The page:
Bulk Keyword Categorisation & Classification

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Categorising a large keyword list in bulk takes hours to do, unless you do it a special way. Learn how to categorise thousands of keywords in seconds through the use of a magical Excel formula.

You can categorise anything you want with this formula, it doesn’t only work on keywords. Another popular use of mine is to categorise landing pages, which can significantly help with showing how ranking performance has improved certain landing page’s traffic.

This is an older video, of doing categorisation in Excel. The overall principles are exactly the same, however this will not work in Google Sheets.

But, I have a solution for that. A different formula that works in Google Sheets.

Categorising & Classifying Keywords in Excel

To categorise and classify your keywords in Excel, just like in the video, you can download my Excel template below.

Download the Keyword Categorisation Template
  You will receive a download link via email. We hate spam and never share your details.

Categorising & Classifying Keywords in Google Sheets

If you would rather use Google sheets, my preferred method these days, then you can copy my categorisation sheet below.

You will see a very similar template to what is shown in Excel in the video above, except with a slight tweak to the formula.

The formula I use for this is;

=IFERROR(ARRAYFORMULA(INDEX(*categoryRange*, MATCH( TRUE,ISNUMBER(SEARCH(*findSeedWordRange*,” “&*keyword*&” “)),0))), “Unclassified”)

(might need to change the quotations due to formatting issues)

You’ll see one major difference with the Google sheet though, and that comes down to the cell ranges used for the find/category keywords.

If a cell range in the formula is larger than what’s available, when no category is found it will leave the cell blank.

To use the ‘unclassified’ text, the range needs to be exactly the same as what’s available. This means every time you add keywords into the find column, you’ll need to expand that range.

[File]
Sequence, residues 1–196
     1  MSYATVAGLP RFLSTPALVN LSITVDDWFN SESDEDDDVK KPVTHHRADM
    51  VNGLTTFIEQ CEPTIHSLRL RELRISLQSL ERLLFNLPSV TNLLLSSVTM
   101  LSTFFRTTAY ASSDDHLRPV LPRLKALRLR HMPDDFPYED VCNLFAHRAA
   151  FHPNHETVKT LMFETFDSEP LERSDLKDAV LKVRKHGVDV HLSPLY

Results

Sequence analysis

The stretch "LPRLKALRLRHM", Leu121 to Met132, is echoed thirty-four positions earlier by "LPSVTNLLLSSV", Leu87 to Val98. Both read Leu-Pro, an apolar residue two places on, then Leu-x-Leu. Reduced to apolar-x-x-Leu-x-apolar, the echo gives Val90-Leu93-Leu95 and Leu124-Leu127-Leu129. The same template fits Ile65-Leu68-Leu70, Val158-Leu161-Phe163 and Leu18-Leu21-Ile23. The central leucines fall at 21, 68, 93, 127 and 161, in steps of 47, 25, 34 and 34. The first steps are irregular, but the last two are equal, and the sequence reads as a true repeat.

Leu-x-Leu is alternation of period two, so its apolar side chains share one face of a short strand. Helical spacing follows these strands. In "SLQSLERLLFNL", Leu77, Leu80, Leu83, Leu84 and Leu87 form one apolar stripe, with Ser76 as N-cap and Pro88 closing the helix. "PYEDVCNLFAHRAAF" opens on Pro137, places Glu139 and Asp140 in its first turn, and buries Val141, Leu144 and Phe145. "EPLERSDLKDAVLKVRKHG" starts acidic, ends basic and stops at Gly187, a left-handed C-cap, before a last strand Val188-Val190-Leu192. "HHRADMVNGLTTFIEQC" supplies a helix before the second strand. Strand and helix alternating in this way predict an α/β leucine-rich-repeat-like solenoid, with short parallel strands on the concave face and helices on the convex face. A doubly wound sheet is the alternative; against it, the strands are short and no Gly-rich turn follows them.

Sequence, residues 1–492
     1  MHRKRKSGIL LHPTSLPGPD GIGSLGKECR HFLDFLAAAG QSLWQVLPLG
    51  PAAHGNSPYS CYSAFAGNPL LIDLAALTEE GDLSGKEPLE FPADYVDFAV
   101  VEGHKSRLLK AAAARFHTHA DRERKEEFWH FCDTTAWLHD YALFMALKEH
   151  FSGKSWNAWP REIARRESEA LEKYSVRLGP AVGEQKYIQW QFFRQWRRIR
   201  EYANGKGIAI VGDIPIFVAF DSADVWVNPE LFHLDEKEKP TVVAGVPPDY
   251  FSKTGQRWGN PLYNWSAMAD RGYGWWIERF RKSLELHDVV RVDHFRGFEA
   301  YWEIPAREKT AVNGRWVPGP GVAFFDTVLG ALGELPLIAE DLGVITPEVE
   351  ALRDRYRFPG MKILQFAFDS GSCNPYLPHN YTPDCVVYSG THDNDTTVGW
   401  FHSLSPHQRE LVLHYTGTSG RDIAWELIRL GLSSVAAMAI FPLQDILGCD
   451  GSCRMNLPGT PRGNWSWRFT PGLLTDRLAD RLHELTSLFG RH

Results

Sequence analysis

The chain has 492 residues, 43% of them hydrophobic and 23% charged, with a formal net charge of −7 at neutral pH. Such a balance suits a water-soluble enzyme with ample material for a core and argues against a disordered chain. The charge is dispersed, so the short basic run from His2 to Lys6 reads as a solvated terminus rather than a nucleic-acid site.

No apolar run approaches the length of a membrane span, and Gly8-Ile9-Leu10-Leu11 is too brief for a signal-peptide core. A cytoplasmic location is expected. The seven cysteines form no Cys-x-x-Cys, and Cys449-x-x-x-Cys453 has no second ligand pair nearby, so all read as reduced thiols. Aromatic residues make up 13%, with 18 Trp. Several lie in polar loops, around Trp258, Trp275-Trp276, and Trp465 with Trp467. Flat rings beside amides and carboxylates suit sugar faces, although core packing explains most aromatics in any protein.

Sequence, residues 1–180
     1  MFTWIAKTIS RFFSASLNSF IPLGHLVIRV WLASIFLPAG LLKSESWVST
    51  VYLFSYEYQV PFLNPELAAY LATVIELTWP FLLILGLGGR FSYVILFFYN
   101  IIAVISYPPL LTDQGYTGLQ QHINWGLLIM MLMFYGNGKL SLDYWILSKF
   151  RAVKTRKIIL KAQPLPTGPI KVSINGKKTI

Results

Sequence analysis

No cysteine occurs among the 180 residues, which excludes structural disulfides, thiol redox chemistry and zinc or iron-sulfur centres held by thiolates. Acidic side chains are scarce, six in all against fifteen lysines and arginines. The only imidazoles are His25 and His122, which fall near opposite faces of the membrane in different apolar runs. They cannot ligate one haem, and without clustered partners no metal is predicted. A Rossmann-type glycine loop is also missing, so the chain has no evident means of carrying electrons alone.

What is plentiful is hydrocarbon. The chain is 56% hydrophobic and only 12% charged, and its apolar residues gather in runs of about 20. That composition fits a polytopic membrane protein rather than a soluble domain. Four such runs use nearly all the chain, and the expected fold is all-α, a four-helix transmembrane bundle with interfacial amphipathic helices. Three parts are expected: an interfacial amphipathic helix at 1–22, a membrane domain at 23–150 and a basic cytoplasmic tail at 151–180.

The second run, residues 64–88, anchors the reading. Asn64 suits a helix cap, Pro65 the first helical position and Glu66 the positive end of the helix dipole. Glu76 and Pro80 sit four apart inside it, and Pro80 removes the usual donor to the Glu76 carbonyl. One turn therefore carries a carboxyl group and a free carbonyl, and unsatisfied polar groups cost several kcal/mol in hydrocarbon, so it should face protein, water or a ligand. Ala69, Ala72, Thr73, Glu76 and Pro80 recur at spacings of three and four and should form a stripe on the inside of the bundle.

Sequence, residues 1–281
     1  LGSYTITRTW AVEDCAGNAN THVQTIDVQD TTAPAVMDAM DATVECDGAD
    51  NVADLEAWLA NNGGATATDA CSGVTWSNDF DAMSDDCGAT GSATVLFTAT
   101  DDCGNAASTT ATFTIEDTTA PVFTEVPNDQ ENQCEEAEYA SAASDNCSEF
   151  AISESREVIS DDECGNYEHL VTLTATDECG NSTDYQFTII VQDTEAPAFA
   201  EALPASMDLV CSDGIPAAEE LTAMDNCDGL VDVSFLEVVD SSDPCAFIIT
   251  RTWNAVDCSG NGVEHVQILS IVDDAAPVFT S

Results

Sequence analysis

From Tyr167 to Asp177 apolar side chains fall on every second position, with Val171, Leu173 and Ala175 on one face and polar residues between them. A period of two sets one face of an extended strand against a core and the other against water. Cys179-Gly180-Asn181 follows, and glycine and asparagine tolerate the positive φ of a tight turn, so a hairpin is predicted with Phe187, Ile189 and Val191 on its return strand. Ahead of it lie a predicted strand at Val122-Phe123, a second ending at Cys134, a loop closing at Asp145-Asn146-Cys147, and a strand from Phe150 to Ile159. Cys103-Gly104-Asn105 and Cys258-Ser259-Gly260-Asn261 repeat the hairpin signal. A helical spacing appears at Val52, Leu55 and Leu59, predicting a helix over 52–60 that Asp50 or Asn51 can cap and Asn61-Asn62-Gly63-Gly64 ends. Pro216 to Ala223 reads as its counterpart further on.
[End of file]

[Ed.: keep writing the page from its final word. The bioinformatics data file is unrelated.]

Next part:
I tend to use just the blanks as the other/generic/unclassified as it tends to make life a bit easier.

 

New catorisation formula & setup

I was reached out to on Linkedin by Kyle Faber and he believed he could help tweak the system a little bit.

Using a combination of regex & a textjoin, he was able to help tweak the system.

It does appear to be faster that the setup posted above, and is also a lot simpler & cleaner which will help troubleshooting.

I’ll break it out a bit more later, but for now, the new formula for joining all the seed phrases together is;

=textjoin(“[s]?|”,true,sort(I$3:I,1,false))

Then the formula used in the category cell, is;

=IFERROR(VLOOKUP(REGEXEXTRACT(” “&A2&” “,I$1),I$3:J,2,FALSE),”Unclassified”)

Which will categorise the exact same setup above, with a different formula, by looking for the matching find, and then return the category with a vlookup.

It will default to partial matching, but if you’d like exact matching of a word, then enter a space before & after the find column.

That will then match full mentions of the word, rather than just partial matching.

Was great to get some feedback on this, and be able to tweak the setup that I’ve used for years!

Get the updated sheet at the link below;

Definitely give Kyle a follow on his socials, at https://linkedin.com/in/kylefaber & https://twitter.com/regal_kyle.

 

Categorising URLs into Site Sections

You can also use this directly on URLs, to categorise them into site sections, locations, or anything you’d like.

 

Let me know how you use this sort of sheet, or whether you do this all a different way.

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